HomeRoast Digest


Topic: Smoky Flavor (25 msgs / 731 lines)
1) From: DeCambre.Peter
I will be out of the office starting  11/26/2002 and will not return
until 12/02/2002.
I will respond to your message when I return.
homeroast mailing listhttp://lists.sweetmarias.com/mailman/listinfo/homeroast

2) From: DeCambre.Peter
I will be out of the office starting  11/26/2002 and will not return
until 12/02/2002.
I will respond to your message when I return.
homeroast mailing listhttp://lists.sweetmarias.com/mailman/listinfo/homeroast

3) From: Gerald and Beth Newsom
This is a multi-part message in MIME format.
Les and Ron, someone posted recently that roasting in the RK drum =
imparted a slight smoky flavor to the coffee, possibly because of =
burning chaff.  Have you noticed anything like that in your roasts?  I'm =
interested in getting the RK drum soon, but don't think I'd want all my =
coffee to have a smoky flavor.
Thanks,
Gerald

4) From: Bob
This is a multi-part message in MIME format.
Just checked my log and have 76 roasts on my RK, using a 45K BTU BBQ. =
Vast majority of roasts one lb. Can emphatically state no abnormal smoky =
taste in my coffee.
The drum is incredibly well made and never a hiccup from the motor. =
Couldn't be more pleased with my rig.
Have pictures can e-mail if interested how I rigged the =
diffuser-followed RK's advice and believe this really helps profiling.
VegasBob

5) From: Vince Doss
I concur with Bob's findings. With respect to the posters opinion about the
smoky thing.....I have had my RK, using a 45K BTU BBQ as well, since
April-May and have run through 50lbs or so roasting mostly in the FC range
usually stopping at the start of 2nd  sometimes well into 2nd, roast size
averages 2lbs and have not noticed any commonality I would describe as smoky
nor have any of my "customers" commented about this. Now when I purposely
take a roast way into 2nd intentionally, it is definately smoky but I think
that is normal for such dark roasts, and I am sure the smoke would
contribute to that. I should note that I do not usually "see" any smoke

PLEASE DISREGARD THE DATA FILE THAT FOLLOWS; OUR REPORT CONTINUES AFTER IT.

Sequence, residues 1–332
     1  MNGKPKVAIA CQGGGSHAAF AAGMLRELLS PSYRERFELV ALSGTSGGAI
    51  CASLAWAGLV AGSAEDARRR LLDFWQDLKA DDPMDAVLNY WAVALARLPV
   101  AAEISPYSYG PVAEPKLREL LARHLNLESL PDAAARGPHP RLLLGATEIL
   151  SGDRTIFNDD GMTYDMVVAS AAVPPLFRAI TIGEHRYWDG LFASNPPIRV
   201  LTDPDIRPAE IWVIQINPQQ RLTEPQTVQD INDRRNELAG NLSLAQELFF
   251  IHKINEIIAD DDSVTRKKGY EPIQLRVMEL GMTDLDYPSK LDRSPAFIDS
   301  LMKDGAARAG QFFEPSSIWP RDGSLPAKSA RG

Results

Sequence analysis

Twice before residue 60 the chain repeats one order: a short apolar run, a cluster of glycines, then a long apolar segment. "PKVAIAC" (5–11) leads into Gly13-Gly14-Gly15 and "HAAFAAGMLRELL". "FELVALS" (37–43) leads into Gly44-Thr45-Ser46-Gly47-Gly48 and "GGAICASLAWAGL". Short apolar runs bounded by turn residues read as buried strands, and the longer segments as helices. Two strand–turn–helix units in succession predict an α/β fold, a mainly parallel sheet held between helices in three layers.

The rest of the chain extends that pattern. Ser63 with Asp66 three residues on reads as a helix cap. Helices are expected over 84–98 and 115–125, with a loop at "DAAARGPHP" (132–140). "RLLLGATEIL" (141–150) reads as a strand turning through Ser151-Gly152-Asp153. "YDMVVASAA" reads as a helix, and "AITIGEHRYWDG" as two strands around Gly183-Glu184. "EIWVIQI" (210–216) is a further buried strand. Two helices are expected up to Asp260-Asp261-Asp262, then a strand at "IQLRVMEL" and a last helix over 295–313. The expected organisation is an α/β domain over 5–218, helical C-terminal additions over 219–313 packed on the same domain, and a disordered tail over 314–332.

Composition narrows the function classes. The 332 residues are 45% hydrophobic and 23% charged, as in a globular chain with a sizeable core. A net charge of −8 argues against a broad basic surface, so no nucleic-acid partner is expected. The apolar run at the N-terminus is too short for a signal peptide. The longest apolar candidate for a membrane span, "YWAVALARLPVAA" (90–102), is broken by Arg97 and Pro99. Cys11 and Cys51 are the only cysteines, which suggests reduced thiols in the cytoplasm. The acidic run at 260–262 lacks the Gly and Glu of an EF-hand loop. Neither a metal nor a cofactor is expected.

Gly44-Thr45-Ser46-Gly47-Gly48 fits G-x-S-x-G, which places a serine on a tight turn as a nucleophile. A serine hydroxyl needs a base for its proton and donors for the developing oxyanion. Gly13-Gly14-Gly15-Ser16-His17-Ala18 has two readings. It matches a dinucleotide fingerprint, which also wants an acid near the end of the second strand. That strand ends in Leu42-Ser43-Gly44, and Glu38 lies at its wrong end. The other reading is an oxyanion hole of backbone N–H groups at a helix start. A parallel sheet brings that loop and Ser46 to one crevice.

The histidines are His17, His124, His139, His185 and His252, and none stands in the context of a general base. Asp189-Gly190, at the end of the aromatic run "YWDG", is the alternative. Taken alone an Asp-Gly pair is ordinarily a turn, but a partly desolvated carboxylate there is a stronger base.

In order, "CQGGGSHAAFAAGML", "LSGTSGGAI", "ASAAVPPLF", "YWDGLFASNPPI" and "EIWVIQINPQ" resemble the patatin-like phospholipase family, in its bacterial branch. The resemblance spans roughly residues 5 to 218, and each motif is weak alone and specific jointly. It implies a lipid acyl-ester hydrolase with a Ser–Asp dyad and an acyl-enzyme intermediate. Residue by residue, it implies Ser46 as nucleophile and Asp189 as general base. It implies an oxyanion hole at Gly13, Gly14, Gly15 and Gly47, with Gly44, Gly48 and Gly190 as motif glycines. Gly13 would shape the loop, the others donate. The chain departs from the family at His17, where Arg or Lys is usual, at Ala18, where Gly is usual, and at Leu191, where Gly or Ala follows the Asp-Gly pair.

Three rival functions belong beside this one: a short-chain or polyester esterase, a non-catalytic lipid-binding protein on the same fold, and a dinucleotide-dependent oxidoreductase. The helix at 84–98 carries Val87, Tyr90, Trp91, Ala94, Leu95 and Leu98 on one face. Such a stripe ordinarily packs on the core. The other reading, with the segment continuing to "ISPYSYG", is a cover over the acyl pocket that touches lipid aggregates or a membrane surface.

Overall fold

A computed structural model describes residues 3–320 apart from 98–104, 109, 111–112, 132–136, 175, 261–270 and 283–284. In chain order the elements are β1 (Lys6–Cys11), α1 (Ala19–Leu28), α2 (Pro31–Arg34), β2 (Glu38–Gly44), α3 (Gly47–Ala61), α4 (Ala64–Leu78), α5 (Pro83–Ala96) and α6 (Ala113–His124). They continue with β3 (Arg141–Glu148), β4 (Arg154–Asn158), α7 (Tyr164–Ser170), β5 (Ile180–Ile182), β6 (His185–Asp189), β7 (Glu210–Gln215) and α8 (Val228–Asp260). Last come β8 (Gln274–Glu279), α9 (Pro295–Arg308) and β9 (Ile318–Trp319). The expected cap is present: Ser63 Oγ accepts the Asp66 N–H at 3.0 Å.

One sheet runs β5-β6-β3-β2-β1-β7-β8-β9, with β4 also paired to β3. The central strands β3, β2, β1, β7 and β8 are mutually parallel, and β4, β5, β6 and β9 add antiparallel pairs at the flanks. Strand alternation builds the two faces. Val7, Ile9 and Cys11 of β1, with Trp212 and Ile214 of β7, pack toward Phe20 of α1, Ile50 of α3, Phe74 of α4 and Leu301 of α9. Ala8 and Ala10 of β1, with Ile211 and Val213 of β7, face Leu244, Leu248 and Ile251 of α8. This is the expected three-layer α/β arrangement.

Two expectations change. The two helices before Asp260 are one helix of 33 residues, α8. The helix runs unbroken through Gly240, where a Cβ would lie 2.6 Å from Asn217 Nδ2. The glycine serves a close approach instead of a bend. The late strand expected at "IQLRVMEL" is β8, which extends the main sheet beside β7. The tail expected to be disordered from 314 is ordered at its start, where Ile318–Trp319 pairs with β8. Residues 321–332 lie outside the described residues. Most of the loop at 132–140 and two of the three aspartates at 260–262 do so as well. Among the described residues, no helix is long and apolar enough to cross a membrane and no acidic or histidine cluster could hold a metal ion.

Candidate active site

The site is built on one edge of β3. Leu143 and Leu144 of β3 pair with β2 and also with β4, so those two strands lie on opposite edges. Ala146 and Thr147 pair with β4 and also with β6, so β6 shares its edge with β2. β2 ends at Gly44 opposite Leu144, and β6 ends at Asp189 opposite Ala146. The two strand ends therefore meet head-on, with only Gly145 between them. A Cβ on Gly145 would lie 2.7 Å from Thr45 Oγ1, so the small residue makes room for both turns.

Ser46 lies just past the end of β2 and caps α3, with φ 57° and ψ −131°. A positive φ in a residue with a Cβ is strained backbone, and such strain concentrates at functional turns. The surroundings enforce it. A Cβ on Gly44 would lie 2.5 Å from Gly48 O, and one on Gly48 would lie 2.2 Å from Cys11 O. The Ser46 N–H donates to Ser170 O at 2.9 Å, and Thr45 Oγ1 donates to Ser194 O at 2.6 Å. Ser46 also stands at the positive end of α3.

until 2nd gets really going and I have come around to Tom's recommendations
and have been roasting lighter lately.
additionally, I agree with Ron Kyle about the Gene Cafe. I love my RK but I
think I would have bought this roaster had I not gone the way of the RK.
Vince
On 10/27/06, Bob  wrote:
<Snip>
-- 
At some point between French and fire, it really doesn't matter much what
the "origin character" of the coffee was...
Tom Owens - Sweet Marias

6) From: Gerald and Beth Newsom
This is a multi-part message in MIME format.
Thanks, Vince and Bob!
Gerald

7) From: Ed Needham
If the original poster brews and 'drinks' his roasted beans before changing 
clothes, he may 'smell' a smoky smell that could impart the perception of a 
smoky flavor.  I usually don't notice how much I reek of coffee smoke until 
I shower and then it smells like I'm brewing coffee (grin).
*********************
Ed Needham®
"to absurdity and beyond!"http://www.homeroaster.com(include [FRIEND] in subject line to get through my SPAM filters)
*********************

8) From: Ed Needham
Calling Mike McKona...Speaking of smoky flavor, have you ever used green 
coffee for pellets in your Traeger BBQ pit?  Coffee smoked brisket sounds 
yummy.
I know some have used finely ground coffee as part of a rub, but the smoke 
from coffee beans might do something unique to Q.
*********************
Ed Needham®
"to absurdity and beyond!"http://www.homeroaster.com(include [FRIEND] in subject line to get through my SPAM filters)
*********************

9) From: Douglas Strait
This is a multi-part message in MIME format.
Ed Needham wrote:
<Snip>
changing clothes, he may 'smell' a smoky smell that could impart the =
perception of a smoky flavor.  I usually don't notice how much I reek of =
coffee smoke until I shower and then it smells like I'm brewing coffee =
(grin).<
I am the "original poster". This Smokey flavor discussion evolved from a =
remark I made in a thread where I was speculating about possible reasons =
an air roast and drum roast might cup differently despite similar =
profiles. 
In that thread I wrote: 
<Snip>
me a portion of that batch. This coffee had a [pleasant to my taste] =
smokey note that I attribute to the burning chaff in the BBQ. I have not =
experienced a similar flavor note in a popper air roast.<
I am pretty sure I let Ron's roast rest at least a couple of days before =
brewing so it is a good bet I had changed clothes by then. Who knows, I =
might have even showered. At any rate, I wasn't that close to the action =